So, doing things like taking their caps off the trim tilt units that sort of thing. Doesn't matter how many of these things I have I still can't get them to fit most of them. Often you do need the one that the manufacturer sells. Be careful with these too because those caps can get really stuck. This particular bit on me pretty badly once when that pin broke on it. It's actually the thinner side of it and of course you're putting on a force when it breaks and then ended up tearing your shoulder sort of things. So, they're a little bit of a fiddly tool and often I find you have limited success with them. With the one that I got a little bit injured using we ended up actually edge sizzling it like drifting it round and replacing it. The new caps were like 30 bucks or something and they were so stuck that there was just no other way. They were damaged by the time we got them out, chuck them away, put new caps in. If your outboard is quite new you might have luck with a tool like that but by the time it's 20-30 years old mm-hmm, it's a bit hit and miss. These kind of things can be handy. There splined like this and like this and then they've got a hex on it. So, you can use it to hold a driveshaft, put it on a driveshaft and hold it and rotate it once again. Unfortunately, I've never seen anyone that sells a full set of these and it doesn't matter how many you've got you've never got the one you need.

Some outboards don't have lifting points on them. I can't remember what it is it was a Johnson, Mercury something like that and you screw in electronics. So, this was actually just a tool that goes into the thread there and then lets you lift the outboard power off. Now I think about it I think this bit actually threads into the top of the outboard and then this eye went into that as a lifting point. Circular pliers are pretty handy. You know similar vein to the tool I was talking about for taking the caps off trim tilt units but just for doing the little circle clips, these are pretty handy. On a lot of outboards you'll see they've got those sort of wire particularly Yamaha I think has some those wire hose clamps on the fuel lines. It's basically just a bit of wire that goes and turns and if you use a standard set of pliers instead of coming together they just sort of come and they spread apart and they drive your spare. These pliers have just got a little opening in the very tip of them and same on the side and they're essentially just for undoing those clamps. So, this is the style of hose clamp I'm talking about that I use those pliers for. This is just a gearbox seal, like a prop shaft seal, that kind of thing. That sort of thing I think it's well worth having in the spares for your outboard and if you've got old driveshafts, old gear selector rods that kind of stuff, they will worth keeping - because you can make little tools out of them.

Drive shafts make excellent punches so I always keep them just as big strong punches. But in this case I made this one which was the drive shaft from Yamaha. So, it goes up into the crankshaft and then I just filed the ends flat and it gave me a way to put it up into the crankshaft. Holding still when I was on during a flywheel nut or rotate the mate or whatever I need to do. So, it's worth making like that doesn't take a lot of space and if you've already got the drive shaft, you know, cost you nothing to make. Here's just a selection of stainless steel nylocks for on the end of drag links for steering and some stainless steel split pins for putting your prop nuts back on as well. This is one of the few actual sort of OEM tools that I've got and this is one for just getting in and holding the nut on the end of the pinion gear, for the drive shaft and it comes with a few different size sockets and it's spring-loaded.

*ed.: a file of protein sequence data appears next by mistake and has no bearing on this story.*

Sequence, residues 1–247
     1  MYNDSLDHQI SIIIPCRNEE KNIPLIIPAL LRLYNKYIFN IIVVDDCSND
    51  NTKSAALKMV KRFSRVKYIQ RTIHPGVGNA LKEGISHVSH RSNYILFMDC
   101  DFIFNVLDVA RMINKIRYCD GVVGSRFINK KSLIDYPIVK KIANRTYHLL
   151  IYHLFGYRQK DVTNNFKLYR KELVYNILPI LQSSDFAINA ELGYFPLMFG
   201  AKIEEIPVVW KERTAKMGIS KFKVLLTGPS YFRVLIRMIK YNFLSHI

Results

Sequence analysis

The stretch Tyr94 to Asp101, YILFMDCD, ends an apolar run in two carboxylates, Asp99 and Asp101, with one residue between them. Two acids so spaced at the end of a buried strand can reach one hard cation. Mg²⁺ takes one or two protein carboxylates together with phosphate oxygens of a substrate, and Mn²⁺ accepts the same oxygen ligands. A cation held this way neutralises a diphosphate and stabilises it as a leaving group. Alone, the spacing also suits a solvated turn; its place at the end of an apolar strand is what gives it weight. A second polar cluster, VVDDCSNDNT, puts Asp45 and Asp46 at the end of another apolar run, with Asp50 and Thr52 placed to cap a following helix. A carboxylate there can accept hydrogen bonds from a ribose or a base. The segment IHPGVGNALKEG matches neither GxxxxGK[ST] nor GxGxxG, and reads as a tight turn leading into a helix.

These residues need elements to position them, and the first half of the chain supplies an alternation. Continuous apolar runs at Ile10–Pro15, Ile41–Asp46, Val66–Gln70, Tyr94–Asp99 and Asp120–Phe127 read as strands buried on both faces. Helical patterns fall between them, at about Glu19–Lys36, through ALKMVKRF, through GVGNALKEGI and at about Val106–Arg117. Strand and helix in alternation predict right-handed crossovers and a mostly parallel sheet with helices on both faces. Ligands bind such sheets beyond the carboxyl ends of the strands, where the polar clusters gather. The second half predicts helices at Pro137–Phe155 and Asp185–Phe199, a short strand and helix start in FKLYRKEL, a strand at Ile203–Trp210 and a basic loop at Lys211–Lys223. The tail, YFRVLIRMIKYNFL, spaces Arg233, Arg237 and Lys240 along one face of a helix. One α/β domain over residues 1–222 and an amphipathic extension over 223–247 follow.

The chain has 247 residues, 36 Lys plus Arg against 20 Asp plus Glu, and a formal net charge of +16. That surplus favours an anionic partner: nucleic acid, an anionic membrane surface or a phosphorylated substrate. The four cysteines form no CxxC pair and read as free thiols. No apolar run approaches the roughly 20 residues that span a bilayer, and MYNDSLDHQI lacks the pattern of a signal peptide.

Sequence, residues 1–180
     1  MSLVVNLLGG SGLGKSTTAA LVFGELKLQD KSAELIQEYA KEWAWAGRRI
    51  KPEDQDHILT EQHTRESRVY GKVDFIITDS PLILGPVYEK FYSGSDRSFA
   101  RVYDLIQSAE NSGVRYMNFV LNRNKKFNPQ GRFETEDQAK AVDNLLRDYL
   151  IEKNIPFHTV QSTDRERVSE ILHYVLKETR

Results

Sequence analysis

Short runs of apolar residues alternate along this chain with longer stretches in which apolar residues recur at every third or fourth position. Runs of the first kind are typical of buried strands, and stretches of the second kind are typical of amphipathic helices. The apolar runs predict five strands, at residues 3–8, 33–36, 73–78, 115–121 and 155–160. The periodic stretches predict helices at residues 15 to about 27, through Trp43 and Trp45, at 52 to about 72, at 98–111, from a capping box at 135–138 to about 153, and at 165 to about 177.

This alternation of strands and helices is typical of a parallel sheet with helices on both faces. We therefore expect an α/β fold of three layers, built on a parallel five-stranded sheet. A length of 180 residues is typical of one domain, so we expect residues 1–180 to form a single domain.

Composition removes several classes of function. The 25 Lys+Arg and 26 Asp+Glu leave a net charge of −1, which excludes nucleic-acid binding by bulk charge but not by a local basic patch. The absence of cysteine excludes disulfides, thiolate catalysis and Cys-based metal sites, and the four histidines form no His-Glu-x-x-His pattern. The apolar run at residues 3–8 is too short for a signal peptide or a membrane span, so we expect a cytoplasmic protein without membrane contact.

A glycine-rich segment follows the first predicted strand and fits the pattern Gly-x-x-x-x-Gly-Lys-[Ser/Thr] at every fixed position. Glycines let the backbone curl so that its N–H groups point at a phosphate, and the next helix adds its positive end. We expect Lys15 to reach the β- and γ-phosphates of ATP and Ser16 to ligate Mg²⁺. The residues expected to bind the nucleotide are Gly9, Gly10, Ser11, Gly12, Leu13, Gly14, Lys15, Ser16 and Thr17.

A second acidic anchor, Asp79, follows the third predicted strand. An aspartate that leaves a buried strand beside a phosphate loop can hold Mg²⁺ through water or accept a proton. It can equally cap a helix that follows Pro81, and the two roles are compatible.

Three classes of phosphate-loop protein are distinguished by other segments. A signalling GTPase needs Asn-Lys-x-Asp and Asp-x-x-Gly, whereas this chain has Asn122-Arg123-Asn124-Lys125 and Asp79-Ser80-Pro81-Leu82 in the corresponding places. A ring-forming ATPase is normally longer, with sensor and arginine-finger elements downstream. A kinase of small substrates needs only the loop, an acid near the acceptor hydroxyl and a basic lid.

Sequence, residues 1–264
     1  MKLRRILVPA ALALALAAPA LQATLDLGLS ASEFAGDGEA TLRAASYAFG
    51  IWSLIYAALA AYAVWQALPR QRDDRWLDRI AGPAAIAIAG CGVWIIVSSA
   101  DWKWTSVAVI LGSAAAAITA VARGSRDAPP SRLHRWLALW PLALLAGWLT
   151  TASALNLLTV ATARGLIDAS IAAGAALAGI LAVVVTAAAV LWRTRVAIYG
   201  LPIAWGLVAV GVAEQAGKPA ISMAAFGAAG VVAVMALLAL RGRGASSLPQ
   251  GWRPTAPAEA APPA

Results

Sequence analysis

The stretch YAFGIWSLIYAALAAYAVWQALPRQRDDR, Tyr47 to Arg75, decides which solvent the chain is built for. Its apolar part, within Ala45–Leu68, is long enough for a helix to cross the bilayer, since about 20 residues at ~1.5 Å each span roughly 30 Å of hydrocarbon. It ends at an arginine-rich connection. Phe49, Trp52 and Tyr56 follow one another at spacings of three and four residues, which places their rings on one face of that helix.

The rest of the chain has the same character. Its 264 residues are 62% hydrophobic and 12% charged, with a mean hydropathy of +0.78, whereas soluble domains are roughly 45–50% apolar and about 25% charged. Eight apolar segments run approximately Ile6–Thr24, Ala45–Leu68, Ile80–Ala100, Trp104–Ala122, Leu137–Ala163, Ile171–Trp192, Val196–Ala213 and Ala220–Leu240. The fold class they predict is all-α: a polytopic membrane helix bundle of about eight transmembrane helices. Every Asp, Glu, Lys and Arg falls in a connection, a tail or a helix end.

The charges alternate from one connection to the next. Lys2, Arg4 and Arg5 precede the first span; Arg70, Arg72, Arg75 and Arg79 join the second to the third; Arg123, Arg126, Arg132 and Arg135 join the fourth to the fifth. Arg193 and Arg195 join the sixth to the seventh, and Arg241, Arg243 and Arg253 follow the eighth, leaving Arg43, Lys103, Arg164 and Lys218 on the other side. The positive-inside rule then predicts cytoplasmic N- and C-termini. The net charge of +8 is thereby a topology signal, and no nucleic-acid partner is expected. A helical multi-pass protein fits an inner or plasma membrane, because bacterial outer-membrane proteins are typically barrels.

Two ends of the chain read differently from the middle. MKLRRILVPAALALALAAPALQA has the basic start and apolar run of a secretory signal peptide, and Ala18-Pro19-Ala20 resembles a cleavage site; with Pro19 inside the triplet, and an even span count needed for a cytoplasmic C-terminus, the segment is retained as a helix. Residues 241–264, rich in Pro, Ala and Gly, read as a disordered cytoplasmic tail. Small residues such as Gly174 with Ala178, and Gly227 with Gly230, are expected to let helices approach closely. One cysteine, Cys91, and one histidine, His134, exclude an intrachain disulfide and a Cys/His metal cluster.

So, it just pushes up against it or removing drive shafts. This little loom I made up because a lot of trim tilt units have a round plug you pull it apart and it's just two female spade connectors inside the plug that goes down to the trim tool motor. So, I just made up a little wire just, I should put some alligator clips, for the moment its just bare wire and then just a couple of cut back spade connectors. So, I can put it into the connector and just supply power straight to the trim tool motor so it's really good for testing. This is just a little set of vice grips that I've just put some fuel line on the end of so you can crimp off fuel lines, stop fuel from running out but you don't damage it.As they're in the car guy once said nothing ever goes wrong when you have hose on hose. I've also got a variety of o-rings I keep which thinner ones for like the backs of carburetors and that kind of thing. But once again it's really hard to keep all the types you need. Sometimes you are better off just ordering it when you need it. This is just a little hand drill. So, drill bits just go in your little hand collet. That's really good for clearing out the little PO tube on the front of the gearbox that your speedo drives from. So, that's worth doing each service to.